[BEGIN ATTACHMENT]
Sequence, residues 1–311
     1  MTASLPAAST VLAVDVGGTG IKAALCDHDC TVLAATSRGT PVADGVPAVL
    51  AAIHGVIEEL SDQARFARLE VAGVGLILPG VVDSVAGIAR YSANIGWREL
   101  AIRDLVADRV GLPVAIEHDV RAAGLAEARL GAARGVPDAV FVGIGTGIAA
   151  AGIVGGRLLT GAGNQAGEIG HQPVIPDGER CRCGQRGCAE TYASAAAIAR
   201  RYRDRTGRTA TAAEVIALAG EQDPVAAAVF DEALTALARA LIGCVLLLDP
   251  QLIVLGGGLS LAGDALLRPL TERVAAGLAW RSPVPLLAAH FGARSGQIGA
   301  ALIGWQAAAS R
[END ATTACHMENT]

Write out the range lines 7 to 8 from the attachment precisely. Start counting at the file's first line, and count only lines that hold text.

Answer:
   251  QLIVLGGGLS LAGDALLRPL TERVAAGLAW RSPVPLLAAH FGARSGQIGA
   301  ALIGWQAAAS R